We examined three types of health-protective behaviour in this study. The first behaviour was daily or routine practices, such as wearing face masks. For such daily health-protective behaviour, we used the Questionnaire of Knowledge, Attitudes and Practice Towards COVID-19 (based on Zhong et al. [31]). We adapted this questionnaire for use in Hong Kong, with approval from the author Dr. Zhong. This questionnaire is a comprehensive measure that has previously been applied in the context of COVID-19 in Wuhan and internationally (e.g., in Malaysia and the U.S.). It contains questions examining the participant’s degree of compliance with the recommended prevention measures, such as regularly wearing face masks when outside the home, avoiding crowds, maintaining good hand hygiene, working from home and avoiding social gatherings. Table 1 lists all items included in the questionnaire. The questionnaire covers 14 preventative behavioural items scored using a 4-point Likert scale from 3 (always done this) to 0 (never done this). The average score, referred to as the Prevention Score in this paper, was used in the analysis. A higher score indicated greater compliance with the COVID-19 preventative health advice (Cronbach’s alpha = 0.762). In addition, we asked participants whether they had participated in voluntary testing and whether they were willing to receive the COVID-19 vaccine.

Table 1 Descriptive statistics on the Practice items of the Questionnaire of Knowledge, Attitudes and Practice Towards COVID-19

Finally, we included questions to assess the participants’ level of secondary ‘exposure’ to the pandemic via watching COVID-19-related news reports (measured in minutes) and socio-demographic variables, including age, gender, education level, employment status, marital status, income level and family caregiver status (defined as providing long-term care for another member of the same household who was either elderly or had a disability). To be sensitive to the local culture, where directly asking age and income would be regarded as impolite, age and income were both collected as categorical variables. The item on the amount of time watching COVID-19 related news was “In the last month, how long did you spend per day, on average, watching news relating to the COVID-19 pandemic?”. This referred to watching news from any channel, including television or social media.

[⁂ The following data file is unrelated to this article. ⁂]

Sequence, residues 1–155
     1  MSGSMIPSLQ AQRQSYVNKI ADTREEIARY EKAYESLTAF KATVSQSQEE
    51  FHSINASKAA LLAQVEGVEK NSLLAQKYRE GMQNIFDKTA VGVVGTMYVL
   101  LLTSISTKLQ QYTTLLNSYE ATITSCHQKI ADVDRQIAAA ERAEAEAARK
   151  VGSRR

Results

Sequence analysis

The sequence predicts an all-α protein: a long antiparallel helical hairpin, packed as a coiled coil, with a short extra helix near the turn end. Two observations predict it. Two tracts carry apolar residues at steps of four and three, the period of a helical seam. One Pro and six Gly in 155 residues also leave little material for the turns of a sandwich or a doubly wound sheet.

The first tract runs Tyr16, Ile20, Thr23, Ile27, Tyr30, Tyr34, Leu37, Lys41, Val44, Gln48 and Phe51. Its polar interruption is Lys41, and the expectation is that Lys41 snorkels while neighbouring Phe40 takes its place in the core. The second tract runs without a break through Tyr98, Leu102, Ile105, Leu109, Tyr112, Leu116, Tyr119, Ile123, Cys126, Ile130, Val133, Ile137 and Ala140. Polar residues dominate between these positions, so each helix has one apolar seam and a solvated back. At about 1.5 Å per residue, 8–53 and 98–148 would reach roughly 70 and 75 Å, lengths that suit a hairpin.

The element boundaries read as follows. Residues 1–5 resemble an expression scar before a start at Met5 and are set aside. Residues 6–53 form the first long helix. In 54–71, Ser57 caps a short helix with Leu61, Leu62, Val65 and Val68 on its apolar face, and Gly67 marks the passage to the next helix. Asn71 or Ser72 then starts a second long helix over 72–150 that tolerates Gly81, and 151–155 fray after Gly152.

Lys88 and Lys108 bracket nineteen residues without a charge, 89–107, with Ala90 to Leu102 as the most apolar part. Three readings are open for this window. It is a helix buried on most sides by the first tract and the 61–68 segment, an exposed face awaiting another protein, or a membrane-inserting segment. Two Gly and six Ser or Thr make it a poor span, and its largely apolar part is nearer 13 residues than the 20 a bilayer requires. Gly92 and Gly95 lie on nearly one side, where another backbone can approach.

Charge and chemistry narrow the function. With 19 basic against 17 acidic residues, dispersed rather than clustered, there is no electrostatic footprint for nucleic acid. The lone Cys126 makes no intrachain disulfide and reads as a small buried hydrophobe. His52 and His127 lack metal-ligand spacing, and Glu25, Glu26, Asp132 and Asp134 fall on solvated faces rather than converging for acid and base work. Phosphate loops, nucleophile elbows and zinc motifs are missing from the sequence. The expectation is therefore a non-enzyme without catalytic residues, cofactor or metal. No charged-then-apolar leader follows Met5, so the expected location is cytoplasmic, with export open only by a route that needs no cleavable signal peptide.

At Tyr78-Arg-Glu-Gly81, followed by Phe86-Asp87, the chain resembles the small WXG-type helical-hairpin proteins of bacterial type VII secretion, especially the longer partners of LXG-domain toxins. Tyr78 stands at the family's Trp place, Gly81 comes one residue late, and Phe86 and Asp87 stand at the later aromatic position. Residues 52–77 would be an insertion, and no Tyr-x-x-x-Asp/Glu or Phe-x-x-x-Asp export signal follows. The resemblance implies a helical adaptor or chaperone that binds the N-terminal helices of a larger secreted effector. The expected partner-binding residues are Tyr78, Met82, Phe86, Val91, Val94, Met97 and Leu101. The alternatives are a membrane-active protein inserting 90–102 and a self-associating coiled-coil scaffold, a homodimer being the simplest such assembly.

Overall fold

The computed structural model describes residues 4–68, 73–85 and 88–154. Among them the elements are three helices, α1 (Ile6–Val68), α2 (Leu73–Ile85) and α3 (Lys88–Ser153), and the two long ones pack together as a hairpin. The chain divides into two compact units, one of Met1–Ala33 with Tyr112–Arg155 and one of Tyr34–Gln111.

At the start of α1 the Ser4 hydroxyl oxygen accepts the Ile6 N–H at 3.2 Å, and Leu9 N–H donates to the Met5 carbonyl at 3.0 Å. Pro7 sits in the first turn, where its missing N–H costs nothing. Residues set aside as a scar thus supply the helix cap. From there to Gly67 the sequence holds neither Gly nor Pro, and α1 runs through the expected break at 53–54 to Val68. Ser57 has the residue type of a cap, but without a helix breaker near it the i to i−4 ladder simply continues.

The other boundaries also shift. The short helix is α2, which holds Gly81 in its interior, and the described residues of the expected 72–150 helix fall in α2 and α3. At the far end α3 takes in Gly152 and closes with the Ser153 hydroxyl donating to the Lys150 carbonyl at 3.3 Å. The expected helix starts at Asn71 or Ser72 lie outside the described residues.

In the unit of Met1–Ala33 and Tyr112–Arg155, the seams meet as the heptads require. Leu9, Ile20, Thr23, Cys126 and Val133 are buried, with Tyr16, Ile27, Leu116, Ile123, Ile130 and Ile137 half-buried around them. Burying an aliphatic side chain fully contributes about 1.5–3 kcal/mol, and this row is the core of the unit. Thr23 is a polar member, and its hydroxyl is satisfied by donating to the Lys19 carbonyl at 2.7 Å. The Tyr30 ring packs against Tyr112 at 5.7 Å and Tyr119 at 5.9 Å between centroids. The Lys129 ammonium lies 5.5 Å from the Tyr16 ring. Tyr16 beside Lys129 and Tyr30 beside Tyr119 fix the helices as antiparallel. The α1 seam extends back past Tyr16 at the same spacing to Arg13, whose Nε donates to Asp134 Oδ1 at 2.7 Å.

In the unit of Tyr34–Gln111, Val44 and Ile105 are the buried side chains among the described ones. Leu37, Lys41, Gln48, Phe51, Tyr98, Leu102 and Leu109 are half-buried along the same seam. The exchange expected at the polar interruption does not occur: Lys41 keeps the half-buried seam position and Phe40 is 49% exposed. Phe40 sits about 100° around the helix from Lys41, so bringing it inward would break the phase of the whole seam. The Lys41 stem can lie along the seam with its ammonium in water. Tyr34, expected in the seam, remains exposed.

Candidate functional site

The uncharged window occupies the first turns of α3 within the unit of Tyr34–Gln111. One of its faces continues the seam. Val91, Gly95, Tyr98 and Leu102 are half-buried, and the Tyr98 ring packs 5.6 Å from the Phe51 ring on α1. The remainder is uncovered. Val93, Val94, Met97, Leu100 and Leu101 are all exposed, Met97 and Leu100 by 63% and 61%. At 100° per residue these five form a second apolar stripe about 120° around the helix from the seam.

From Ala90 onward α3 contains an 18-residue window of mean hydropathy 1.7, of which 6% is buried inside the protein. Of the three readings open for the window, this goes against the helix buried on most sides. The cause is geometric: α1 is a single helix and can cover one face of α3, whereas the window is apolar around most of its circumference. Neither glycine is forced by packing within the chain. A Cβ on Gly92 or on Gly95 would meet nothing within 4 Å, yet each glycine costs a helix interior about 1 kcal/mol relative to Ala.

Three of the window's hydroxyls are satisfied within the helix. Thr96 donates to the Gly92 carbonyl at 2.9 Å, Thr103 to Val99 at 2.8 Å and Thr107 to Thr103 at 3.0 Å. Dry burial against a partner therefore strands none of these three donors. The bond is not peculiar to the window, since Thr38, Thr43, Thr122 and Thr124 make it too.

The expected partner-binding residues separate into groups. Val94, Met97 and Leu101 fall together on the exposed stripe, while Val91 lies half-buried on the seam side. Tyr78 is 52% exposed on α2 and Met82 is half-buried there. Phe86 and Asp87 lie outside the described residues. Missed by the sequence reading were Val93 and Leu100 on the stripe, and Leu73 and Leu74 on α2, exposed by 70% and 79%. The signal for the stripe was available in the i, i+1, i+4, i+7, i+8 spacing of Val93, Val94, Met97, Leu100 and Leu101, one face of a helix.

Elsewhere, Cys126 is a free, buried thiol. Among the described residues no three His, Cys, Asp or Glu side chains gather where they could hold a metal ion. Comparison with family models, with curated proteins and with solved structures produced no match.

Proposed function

Data analyses

Statistical analyses were performed using Statistical Package for Social Sciences (SPSS) version 26 (IBM, Armonk, NY, USA). Both descriptive and inferential statistical analyses were performed. More specifically, four logistic regression analyses were used to determine whether the demographic variables of interest were associated with PTSD (below/above the cut-off of 33), the Prevention Score (below/above median, representing daily health-protective behaviour), vaccine acceptance (yes/not yes, which included either unsure or no) and engagement in voluntary testing (yes/no). Logistic regression was used to analyse PTSD and Prevention Scores because these data were not normally distributed. More specifically, because the Prevention Score was strongly negatively skewed, we believed that the median is the most sensible cut-off point in the logistic regression analysis. The median point was 2.46, suggesting compliance with the preventative behaviours most of the time. We did not perform any imputations for missing values.